High-seas catch hovered around 2 million tonnes a year in the 1950s, or 9% of global catch. By 2006, this had jumped to over 10 million tonnes and 15%. Overfishing puts marine ecosystems at risk and has deprived millions of people of their livelihoods. According to the World Wildlife Fund, “humanity is mismanaging the ocean to the brink of collapse.”
Carbon dioxide emissions are another serious threat to the future of fishing. Ocean acidification is increasing due to rising levels of carbon dioxide in the ocean, and about 90% of the heat added to the planet from human-caused climate change has gone to the ocean. Recent analysis suggests the ocean could lose 7% of its oxygen by 2100 due to global warming. All of these factors will impact wild fish populations. Not least, fish stocks in tropical regions are projected to move towards cooler waters north and south as temperatures rise, reducing seafood production in these regions with clear national economic implications.
But consumers notice little of this. The ice on supermarket fish counters is piled high with wild salmon, tuna, squid, and exotic fish from all corners of the ocean. “Economic theory teaches us that scarcity should drive prices upwards until demand virtually disappears. But as fish populations collapse, fishing fleets switch to new species, move farther off shore, or fish deeper, with little impact on fish prices, due to cheap labor, fuel, and plenty of subsidies,” Beatrice Crona, director of the Global Economic Dynamics and the Biosphere program in Stockholm said in a recent article for the World Economic Forum.
Crona said the fishing grounds left behind may never recover, and when the new area is depleted, fleets steam on to the next place. “Only when large tracts of ocean are on the verge of collapse do consumers notice a price signal.”
About 7% of the world’s ocean comprises designated Marine Protected Areas (MPAs)—the UN target is 10% by 2020. But researchers argued recently that only 3.6% is implemented meaningfully, and just 2% strongly protected. Within national jurisdictions, fish stocks are rebuilding where science-based fisheries management policies are working. But not all fisheries are managed well, particularly in West Africa and South East Asia.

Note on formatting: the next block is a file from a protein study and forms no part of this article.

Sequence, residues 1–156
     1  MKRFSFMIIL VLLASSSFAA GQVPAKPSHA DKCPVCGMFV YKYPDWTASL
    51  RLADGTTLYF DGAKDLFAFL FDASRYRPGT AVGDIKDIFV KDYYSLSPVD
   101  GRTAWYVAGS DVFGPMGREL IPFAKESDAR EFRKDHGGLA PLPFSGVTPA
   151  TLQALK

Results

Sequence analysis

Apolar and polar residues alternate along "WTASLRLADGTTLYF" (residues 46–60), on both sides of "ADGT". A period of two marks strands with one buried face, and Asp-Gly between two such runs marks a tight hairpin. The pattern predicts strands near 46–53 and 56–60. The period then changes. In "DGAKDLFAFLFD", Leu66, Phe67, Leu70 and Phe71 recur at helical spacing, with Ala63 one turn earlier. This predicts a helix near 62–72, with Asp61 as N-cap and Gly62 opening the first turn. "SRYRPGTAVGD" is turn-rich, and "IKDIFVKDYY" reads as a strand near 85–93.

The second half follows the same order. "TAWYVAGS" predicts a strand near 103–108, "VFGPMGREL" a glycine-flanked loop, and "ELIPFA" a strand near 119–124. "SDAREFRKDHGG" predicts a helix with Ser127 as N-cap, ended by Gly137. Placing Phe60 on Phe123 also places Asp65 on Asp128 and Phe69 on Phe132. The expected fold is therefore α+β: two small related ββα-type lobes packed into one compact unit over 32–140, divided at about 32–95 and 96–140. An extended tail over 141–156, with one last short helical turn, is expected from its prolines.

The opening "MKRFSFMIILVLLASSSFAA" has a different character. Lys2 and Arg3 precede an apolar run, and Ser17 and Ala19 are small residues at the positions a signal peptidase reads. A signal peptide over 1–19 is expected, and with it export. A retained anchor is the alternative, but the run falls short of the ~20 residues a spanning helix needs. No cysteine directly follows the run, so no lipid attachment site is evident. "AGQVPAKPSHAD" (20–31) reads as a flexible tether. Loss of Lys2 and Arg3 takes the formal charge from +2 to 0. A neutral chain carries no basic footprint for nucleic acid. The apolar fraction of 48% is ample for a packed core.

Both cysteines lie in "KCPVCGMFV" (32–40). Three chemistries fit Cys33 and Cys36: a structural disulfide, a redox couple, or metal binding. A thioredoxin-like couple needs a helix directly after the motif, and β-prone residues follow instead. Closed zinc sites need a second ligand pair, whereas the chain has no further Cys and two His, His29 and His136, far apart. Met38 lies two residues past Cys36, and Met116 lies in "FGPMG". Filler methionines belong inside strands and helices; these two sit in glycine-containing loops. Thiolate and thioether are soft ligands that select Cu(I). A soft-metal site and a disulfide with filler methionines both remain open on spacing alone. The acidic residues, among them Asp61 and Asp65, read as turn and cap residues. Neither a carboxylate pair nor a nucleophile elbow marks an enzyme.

Is closing the high seas a viable option?
So, what is the world to do? Sumaila has been pondering the question for over a decade. “I started thinking about this in 2005. The first paper we published on high seas marine reserves was in 2007, where we explored the potential fisheries revenues that we would lose if we closed 20%, 40%, 60%, 80%, and 100% of the high seas to fishing,” he says. “Our conclusion was that the loss of revenue is minuscule compared to the potential benefits of doing so.”
Sumaila and his colleagues were not alone. In 2014, Crow White and Christopher Costello published an article provocatively entitled: “Close the High Seas to Fishing?”. They specifically explored completely closing the high seas and argued that doing so would create an essential safe haven for migratory fish stocks, allowing them to reproduce more. Their analysis indicated that this move has the potential to produce profit gains of over 100%, as well as increase fisheries yields by over 30%. White and Costello concluded that closing the high seas would lead to more fish for coastal communities.
“The idea is founded on economic theory and population biology theory. Open-access management of a resource leads to a tragedy of the commons, so removing open access is a good goal,” White, based at California Polytechnic State University, explains. “Management with property rights, for example, in the EEZs, is expected to be much better because the benefits and costs are experienced by the owner [nation].” When the benefits and costs are felt directly, the incentives to manage national fisheries sustainably are strong.
White and Costello’s important insight is that if the high seas are closed for business, migratory stocks will build. Fish don’t care about national boundaries and as populations grow they flow over to EEZs—at a surprising scale.
“Putting all of this together: closing the high seas eliminates the tragedy of the commons, and generates build-up of stock in the high seas, which spills over into EEZs, which are managed more sustainably due to property rights there.” But White is careful to note that closing the high seas is “not expected to generate optimal [maximum] harvest levels. That would require cooperation among all maritime fisheries nations.”
Were they surprised by the results of their study? Not at all. “It follows theory. It was interesting that the percentage area in the high seas [~58% of the ocean, with ~42% EEZs] is about the right allocation for maximizing the benefit from closing the high seas.”